Objective: Children and adolescents with schizophrenia share a similar pattern of phenomenological, genetic and cognitive abnormalities to adults with schizophrenia. However, an early-onset of schizophrenia (EOS) (prior to 18 years of age) is associated with a higher frequency of risk indicators associated with schizophrenia (e.g. developmental delays and familial spectrum disorders) and a worse long-term outcome. This overview examines recent research on the neurobiological alterations, possible causes, developmental trajectory and treatment of EOS and attempts to identify gaps in the field. Method: The authors provide a selective review of major findings from genetics, neuroimaging and treatment studies of pediatric schizophrenia that were presented at a workshop sponsored by the National Institute of Mental Health. These data are synthesized in conjunction with preclinical studies into a model of the pathophysiology of EOS. Results: EOS is associated with a high frequency of cytogenetic abnormalities (e.g. velocardiofacial syndrome, sex chromosome anomalies) and other rare denovo chromosomal aberrations. Brain imaging research in adolescents with EOS has revealed a progressive loss of cortical grey matter post-onset of psychosis and subtle abnormalities in white matter microstructure. Although EOS patients are more likely to be treatment-refractory than their adult counterparts, there are substantial data that this subgroup is particularly responsive to clozapine. Conclusions: Genetic or environmental factors operating during adolescence that reduce frontal capacity might contribute to an EOS in susceptible individuals. Additional longitudinal studies of adolescents with schizophrenia are needed to better understand the relationship between structural changes in fronto-limbic regions, stress responsivity, and cognitive and neurochemical development.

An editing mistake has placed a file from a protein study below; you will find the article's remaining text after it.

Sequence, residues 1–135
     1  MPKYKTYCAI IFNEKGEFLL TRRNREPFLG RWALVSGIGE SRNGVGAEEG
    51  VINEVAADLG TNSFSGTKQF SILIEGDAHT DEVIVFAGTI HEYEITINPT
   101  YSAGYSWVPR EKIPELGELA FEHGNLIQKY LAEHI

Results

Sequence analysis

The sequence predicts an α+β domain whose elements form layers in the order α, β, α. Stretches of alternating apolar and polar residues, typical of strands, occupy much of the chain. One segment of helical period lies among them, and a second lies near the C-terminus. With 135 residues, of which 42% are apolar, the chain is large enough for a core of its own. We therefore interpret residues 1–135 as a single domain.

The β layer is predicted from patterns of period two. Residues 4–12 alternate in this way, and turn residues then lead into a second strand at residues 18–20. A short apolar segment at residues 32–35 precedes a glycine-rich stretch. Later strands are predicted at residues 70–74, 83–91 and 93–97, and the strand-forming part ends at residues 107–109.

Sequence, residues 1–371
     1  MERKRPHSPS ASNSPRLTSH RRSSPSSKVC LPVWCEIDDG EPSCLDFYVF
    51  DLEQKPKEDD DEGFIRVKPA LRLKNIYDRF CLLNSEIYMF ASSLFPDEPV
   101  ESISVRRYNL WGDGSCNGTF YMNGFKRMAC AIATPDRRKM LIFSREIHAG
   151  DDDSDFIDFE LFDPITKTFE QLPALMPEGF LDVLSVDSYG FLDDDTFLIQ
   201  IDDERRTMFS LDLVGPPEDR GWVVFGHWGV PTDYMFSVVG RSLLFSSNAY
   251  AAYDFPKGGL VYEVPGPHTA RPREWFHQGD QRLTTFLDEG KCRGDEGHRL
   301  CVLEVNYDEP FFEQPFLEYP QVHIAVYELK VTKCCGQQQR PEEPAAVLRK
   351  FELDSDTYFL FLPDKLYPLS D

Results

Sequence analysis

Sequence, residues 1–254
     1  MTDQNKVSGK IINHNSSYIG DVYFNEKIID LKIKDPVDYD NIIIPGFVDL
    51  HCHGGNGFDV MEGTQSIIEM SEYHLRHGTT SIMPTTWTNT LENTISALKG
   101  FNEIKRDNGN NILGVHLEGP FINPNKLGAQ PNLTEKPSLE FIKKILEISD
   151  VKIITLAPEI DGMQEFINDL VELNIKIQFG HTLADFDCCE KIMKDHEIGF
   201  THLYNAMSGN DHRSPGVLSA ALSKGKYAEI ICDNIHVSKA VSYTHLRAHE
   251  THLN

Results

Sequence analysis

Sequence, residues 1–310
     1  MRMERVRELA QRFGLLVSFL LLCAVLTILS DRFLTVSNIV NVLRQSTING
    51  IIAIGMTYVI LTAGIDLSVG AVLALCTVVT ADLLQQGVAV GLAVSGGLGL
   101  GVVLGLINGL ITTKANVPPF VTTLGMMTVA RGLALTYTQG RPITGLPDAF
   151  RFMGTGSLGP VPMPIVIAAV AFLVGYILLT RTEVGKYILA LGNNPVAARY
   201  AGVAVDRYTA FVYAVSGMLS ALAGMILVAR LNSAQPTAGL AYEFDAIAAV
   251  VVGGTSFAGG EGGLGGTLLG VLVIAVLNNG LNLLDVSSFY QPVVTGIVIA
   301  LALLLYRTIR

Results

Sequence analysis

- Early-onset schizophrenia